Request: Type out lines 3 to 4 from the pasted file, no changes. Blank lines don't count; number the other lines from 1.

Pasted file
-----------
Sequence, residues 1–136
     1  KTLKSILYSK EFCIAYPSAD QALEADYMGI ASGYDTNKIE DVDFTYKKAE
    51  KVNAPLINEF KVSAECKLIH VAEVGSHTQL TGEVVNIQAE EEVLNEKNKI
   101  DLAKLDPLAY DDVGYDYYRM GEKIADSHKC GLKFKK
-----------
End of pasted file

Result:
    51  KVNAPLINEF KVSAECKLIH VAEVGSHTQL TGEVVNIQAE EEVLNEKNKI
   101  DLAKLDPLAY DDVGYDYYRM GEKIADSHKC GLKFKK